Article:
Poverty, Powder Kegs, and Stereotypes

Screen Shot 2015-07-25 at 11.33.40 AMBy Diana Skelton (France)

Have you ever heard it said that “poverty is a powder keg”? That image has been used by leaders like Bill Clinton and Desmond Tutu in an attempt to spur society to overcome poverty — a worthy goal. But unfortunately that same image feeds the stereotype of the poor as violent, dangerous, and undeserving of help. In every country, this prejudice leads society to distrust the homeless, beggars, or street children. People born into extreme poverty know very well how others feel about them. Many mothers fear for their sons as soon as they grow tall, knowing that even while they are still children, they may been seen by others as a threat simply because of the way they look. In every country, there are gated communities where walls and guards protect wealth. Children born into poverty grow up knowing that they and their parents are the unwanted ones who the walls are intended to keep out.

This prejudice about violence and poverty is not only incorrect; it is also counterproductive. Again and again, it leads to policies that do more harm than good. After natural disasters, for example, aid workers may fear distributing aid in low-income communities. This often leads to the technique of sending in a truck, unannounced, then handing out aid packages very quickly before leaving abruptly. Because it is clear that this kind of distribution is not intended to reach everyone and that there will not be enough to go around, the very method of distribution is what creates violence. When we have used an opposite approach by involving a low-income population in planning for a distribution to reach all of those who need it most — for instance the youngest children in a given area — everything went very smoothly, with no violence, because the method of distribution supported natural solidarity that already exists in the community.

To overcome prejudice against people in poverty, it is crucial to begin with a global perspective. This is because even though bias and stigmatization exist in every country, specific stereotypes are often very local. In one country, they may be most strongly linked to the difference between an indigenous population and a mixed population with colonial ancestry; in another country, they may be linked to religious beliefs, or to skin color. In the US, prejudice by urban educated white people against rural less educated white people has led to the insult “white trash” — a terribly violent term when used to describe human beings.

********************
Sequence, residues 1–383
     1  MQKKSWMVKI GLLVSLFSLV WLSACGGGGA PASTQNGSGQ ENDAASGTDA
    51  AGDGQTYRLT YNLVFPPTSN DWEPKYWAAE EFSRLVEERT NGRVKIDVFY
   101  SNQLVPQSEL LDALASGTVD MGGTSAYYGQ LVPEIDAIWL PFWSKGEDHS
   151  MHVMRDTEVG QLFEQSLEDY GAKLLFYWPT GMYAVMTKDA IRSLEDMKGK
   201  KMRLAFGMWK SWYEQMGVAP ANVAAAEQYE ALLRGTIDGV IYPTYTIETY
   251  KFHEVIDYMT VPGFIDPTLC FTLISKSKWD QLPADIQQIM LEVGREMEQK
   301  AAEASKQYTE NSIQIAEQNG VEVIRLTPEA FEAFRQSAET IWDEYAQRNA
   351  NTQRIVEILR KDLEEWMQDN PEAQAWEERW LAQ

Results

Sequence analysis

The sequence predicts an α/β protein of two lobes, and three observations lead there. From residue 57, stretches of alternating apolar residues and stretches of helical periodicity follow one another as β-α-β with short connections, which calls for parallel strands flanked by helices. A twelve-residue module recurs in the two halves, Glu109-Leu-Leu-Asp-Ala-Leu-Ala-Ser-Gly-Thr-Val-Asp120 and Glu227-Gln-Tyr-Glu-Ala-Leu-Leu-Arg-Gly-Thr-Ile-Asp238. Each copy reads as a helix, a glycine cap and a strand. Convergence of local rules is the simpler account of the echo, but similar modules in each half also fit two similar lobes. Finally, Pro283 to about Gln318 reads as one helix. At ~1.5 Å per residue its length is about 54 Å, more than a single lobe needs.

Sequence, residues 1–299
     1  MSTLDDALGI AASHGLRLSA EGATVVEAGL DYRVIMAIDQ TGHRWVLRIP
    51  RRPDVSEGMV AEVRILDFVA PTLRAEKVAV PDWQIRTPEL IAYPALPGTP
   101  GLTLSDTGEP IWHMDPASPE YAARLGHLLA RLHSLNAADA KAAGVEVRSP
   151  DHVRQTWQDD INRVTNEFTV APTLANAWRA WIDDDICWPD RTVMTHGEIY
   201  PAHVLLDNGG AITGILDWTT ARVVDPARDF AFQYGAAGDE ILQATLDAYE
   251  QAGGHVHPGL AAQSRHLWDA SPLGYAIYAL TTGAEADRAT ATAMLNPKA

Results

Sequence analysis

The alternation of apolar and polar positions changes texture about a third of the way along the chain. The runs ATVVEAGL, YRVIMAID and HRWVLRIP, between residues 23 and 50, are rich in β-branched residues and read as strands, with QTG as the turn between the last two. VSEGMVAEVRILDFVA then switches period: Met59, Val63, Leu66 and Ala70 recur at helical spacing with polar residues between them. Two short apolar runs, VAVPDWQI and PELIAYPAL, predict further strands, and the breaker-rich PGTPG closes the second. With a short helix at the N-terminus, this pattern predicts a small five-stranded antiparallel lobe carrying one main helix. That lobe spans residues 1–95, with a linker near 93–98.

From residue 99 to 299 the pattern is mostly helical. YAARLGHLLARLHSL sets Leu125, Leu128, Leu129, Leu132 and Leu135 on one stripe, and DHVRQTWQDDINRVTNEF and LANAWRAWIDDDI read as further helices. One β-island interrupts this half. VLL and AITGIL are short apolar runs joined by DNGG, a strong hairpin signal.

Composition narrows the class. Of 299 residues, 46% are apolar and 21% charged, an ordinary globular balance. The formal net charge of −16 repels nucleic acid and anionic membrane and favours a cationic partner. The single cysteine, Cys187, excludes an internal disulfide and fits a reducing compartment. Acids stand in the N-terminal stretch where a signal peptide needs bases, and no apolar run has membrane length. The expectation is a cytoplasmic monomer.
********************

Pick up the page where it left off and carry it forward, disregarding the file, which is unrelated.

The global perspective that we need to begin with is that of people born into poverty from different countries and continents when they are able to meet one another and to think together. In the same way that it’s important for experts in the fields of science or medicine to consult one another internationally, ATD Fourth World’s practice is to bring together people whose common expertise is in coping with life in extreme poverty, day in and day out. When people come together who have this common experience of poverty, but who also come from places where the stereotypes are different, it makes it possible for each of them to begin to see themselves differently. Someone who grew up always seeing their parents and grandparents disrespected and looked down on may have come to believe that this is normal, and only what their family deserves. Getting to know others with similar experiences in different contexts makes it possible for them to begin believing in themselves—and then to pool their knowledge about how to strengthen solidarity, and how to build the relationships that can strengthen diverse communities.

Bringing together people living in extreme poverty has made possible ground-breaking contributions to the international community. One example is a participatory evaluation of the impact of the Millenium Development Goals, which examines the harm done by development planned from the top down treating the poor as passive recipients or objects of charity. As world leaders prepare to transform the development agenda, we hope that they will draw on the experience and intelligence of people in poverty. These agents of change already play positive roles in society and know how to help create new programs that are more effective, that foster cohesion in society, and that can overcome poverty and stereotypes.

Adapted from a talk at the Horasis Global Visions event in Interlaken, Switzerland, on 6 July 2015.

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